There is a current high demand in home sales driven by condominiums and townhomes. Real Estate Board of Greater Vancouver president Jill Oudil says this is a shift from booming single-family home sales last year,
“First-time buyers and people looking to downsize from their single-family homes are both competing for these two types of housing,” she said in a news release.
Residential property sales totaled 4,364 in May, a leap of 22.8 per cent over the homes sold one month earlier, the real estate board said.
New listings for all property types also increased 23.2 per cent across the region compared with April, but available townhomes for sale climbed at the slowest pace, followed by apartments and detached homes, Oudil said.
“Homebuyers are beginning to have more selections to choose from in the detached market, but the number of condominiums for sale continues to decline,” she said.
Numbers from the board show that sales-to-active listings are 94.6 per cent for condominiums, 76.1 per cent for townhomes and 31 per cent for detached homes.
Some analysts have pointed out that home prices often go higher when sales-to-active listings are above 20 per cent over several months.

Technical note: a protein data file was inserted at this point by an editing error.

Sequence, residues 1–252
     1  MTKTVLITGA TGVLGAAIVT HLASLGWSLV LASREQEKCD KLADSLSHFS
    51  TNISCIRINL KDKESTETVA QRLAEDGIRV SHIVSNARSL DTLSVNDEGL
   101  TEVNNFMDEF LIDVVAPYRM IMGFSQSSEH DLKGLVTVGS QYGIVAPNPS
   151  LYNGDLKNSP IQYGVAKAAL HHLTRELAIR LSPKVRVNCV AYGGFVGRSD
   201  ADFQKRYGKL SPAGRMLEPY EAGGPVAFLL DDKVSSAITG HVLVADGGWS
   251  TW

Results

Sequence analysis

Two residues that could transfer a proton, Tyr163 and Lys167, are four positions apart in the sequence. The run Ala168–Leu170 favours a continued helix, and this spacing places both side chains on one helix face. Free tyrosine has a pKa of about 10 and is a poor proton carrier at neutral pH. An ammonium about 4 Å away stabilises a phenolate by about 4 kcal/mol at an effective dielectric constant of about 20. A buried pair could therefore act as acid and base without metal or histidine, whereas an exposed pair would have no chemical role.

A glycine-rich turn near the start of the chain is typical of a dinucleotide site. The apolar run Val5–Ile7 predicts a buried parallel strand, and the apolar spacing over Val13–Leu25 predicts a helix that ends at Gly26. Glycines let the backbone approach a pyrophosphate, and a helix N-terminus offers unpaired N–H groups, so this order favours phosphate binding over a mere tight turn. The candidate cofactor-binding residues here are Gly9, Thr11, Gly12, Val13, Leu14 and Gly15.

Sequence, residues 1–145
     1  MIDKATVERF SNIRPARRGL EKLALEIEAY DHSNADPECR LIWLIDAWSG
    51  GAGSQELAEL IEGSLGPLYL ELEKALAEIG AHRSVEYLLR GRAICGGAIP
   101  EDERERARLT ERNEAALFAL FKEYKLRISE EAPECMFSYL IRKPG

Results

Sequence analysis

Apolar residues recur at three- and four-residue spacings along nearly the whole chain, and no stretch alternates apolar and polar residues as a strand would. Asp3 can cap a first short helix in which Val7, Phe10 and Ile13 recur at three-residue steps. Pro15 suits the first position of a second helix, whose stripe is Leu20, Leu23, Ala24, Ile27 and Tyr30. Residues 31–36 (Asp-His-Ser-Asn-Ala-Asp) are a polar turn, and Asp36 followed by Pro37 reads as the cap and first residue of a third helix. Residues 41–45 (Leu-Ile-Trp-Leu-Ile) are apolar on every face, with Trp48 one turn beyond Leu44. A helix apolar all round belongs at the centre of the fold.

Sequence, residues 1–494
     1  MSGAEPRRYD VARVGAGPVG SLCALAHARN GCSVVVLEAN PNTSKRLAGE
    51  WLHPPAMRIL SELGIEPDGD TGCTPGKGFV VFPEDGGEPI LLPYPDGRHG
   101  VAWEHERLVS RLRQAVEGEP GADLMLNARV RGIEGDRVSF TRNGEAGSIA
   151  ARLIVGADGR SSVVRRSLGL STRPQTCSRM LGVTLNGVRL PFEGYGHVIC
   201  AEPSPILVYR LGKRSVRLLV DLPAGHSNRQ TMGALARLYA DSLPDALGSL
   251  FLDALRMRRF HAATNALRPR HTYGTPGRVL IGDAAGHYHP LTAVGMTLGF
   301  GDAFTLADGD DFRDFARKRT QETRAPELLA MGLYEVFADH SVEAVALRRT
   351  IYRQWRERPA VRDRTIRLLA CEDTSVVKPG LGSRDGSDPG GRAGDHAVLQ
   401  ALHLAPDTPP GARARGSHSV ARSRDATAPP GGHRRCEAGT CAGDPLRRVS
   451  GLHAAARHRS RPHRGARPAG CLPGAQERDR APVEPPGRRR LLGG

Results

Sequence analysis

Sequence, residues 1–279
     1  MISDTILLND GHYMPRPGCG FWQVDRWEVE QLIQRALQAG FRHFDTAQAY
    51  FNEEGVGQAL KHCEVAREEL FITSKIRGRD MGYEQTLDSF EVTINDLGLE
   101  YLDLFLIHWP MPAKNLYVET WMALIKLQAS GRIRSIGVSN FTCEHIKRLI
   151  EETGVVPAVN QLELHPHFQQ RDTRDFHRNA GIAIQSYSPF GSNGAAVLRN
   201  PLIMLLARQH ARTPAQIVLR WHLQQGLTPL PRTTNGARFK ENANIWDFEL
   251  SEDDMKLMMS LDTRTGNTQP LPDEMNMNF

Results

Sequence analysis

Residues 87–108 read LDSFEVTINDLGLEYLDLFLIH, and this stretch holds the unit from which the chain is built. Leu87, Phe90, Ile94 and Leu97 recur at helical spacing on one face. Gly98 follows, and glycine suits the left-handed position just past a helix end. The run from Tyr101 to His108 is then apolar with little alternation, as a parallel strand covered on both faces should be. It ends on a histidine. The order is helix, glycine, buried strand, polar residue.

The general average price for all residential properties in Metro Vancouver is currently $967,500, which is an 8.8 per cent increase over May 2016 and a 2.8 per cent increase compared with April 2017.
Based on the kind of property, the average price for a condo is currently $571,300, which is a 17.8 per cent increase over May 2016 and a 3.1 per cent jump since April.
The average price for a townhome is $715,400, which is up 13.1 per cent since last May and 1.9 per cent compared with April, while the average price for a detached property is $1,561,000, a 3.1 per cent increase in one year.
The real estate board says May’s sales numbers, while strong, remain 8.5 per cent below the all-time sales record of 4,769, recorded in the same month last year.
At that time, Vancouver’s real estate market was the most expensive in Canada, with prices rising at alarming rates that surprised governments at various levels.
The B.C. government implemented a 15 per cent tax last August on foreigners buying properties in Metro Vancouver in a bid to cool down the city’s housing market.
Sales and supply reduced, keeping prices balanced or higher. Jill Oudil points out that home prices are likely to continue to increase until there’s more housing supply coming on the market.